individuals, including my colleagues, and I (or ME or MYSELF), perceived ....

Discussion in 'English Only' started by out there, Nov 22, 2009.

  1. out there Member

    UK
    Thai
    Please kindly help me with the following sentences:

    1. Based upon my academic and professional experiences as a teacher, I found that different individuals, including my students, my colleagues, and I (or ME or MYSELF), perceived the nature of conducting scientific research in different ways. Which one is correct or more formal?

    2. This means that a knowledge claim is fabricated not only by different research participants but also by ME (or MYSELF) as a researcher.

    3. This part disscusses in detail the research findings, as previously reported in Part 3, in order to provide............... (Are commas needed before 'as' and after '3' ?

    Many thanks.
     
  2. Hi, out there,

    For 1 and 2, I prefer me, as I find the reflexive pronoun inappropriate.

    In 3, I consider the commas to be optional. I would keep them in.

    Rover
     
  3. out there Member

    UK
    Thai
    Hi Rover_k

    Many thanks for your help.
     
  4. SpyroNinja Member

    New York City
    English, New York
    In sentence one, I is proper English. Often in speaking and in informal situations native English speakers use me but it's not "right." In sentence two, some people use myself but this is ungrammatical. It's a hypercorrection, and people use it because they think it is right and believe it sounds more intelligent and more formal. You should use me there. I think the commas should definitely be used in sentence three.
     
    Last edited: Nov 22, 2009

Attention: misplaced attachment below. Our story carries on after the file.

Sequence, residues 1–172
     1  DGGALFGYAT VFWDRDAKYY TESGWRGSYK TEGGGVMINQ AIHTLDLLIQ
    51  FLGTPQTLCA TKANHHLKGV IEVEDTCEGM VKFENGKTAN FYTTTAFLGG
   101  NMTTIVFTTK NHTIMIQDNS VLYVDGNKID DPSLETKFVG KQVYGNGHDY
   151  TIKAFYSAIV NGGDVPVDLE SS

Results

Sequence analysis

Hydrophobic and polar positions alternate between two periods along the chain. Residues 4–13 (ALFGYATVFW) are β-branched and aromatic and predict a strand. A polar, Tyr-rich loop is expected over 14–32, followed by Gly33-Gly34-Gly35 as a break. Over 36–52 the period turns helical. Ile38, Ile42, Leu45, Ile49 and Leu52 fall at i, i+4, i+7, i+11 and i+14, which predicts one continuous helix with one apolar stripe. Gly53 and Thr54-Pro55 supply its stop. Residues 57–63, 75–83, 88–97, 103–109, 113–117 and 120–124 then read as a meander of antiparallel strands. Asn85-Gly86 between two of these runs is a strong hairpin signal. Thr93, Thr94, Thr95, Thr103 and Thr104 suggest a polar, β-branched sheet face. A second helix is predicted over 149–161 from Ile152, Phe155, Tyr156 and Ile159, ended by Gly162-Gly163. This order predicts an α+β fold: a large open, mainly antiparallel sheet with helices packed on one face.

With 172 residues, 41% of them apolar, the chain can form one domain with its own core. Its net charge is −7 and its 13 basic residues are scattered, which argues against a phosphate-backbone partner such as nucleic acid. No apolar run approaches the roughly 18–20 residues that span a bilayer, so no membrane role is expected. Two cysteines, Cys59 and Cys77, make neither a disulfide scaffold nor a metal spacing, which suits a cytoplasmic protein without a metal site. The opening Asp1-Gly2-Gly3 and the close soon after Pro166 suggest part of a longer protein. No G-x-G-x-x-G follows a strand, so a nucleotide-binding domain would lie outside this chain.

5. out there Member

    UK
    Thai
    Many thanks, SpyroNinja. You've saved my life.
     
  6. JulianStuart

    JulianStuart Senior Member

    Sonoma County CA
    English (UK then US)
    The I in green is the subject of found and is correct.
    The subject of perceived is different individuals.
    The phrase in red uses "including" a bit like a preposition and a bit like a verb (the experts will clarify this) and either way it should take an object so the I in red should be "me". If you put the I first in the phrase it even sounds wrong : "including I, my colleagues and my students" :D
     
  7. out there Member

    UK
    Thai
    Many thanks, JulianSuart,

    Two suggested that it should be 'ME', and one said that it should be 'I'.
    All gave a good explanation.
    I'm still waiting for another one to comment on this issue then.

    Many thanks.
     
  8. JulianStuart

    JulianStuart Senior Member

    Sonoma County CA
    English (UK then US)
    My speculation is that Spyro misread the sentence and thought "my colleagues and XXX" was the subject of perceived - the sentence is somewhat awkwardly constructed, so it's not hard to misread it that way.

    The phrase "including I and you" is definitely incorrect.
     
  9. out there Member

    UK
    Thai
    Many thanks, JulianStuart, for your kind explanation.

    I agree with you that the sentence is awkwardly consructed as I just translated what I wanted to convey from Thai.

    So, I think I need to rewrite it then...hope it wouldn't make it worse!!!

    Many thanks again.
     
  10. Forero Senior Member

    Houston, Texas, USA
    USA English
    Sentence 1 is quite interesting and might be said with any of the three choices of pronoun. Possible arguments:

    Me as object [the most widely accepted choice]: including, whether preposition or participle, has a compound object and me is the objective form of the pronoun. Myself might be said specifically to avoid the case issue, but it tends to sound uneducated to those who would choose I or me.

    Me as "disjunctive": Me in this sentence is a disjunctive, since it is part of a compound subject and is therefore stressed. I in such a stressed position is unnatural and inappropriate because there is no first person singular verb expressed or implied in the context.

    Subjective I: "including" here does not really mean "which include", requiring a direct object, or "inclusive of", requiring a prepositional object, but something more like "among others", a modifying phrase. Thus "including my students, my colleagues, and I" = "among others my students, my colleagues, and I" is in apposition to "different individuals", the subject of perceived, and the correct case is the subjective.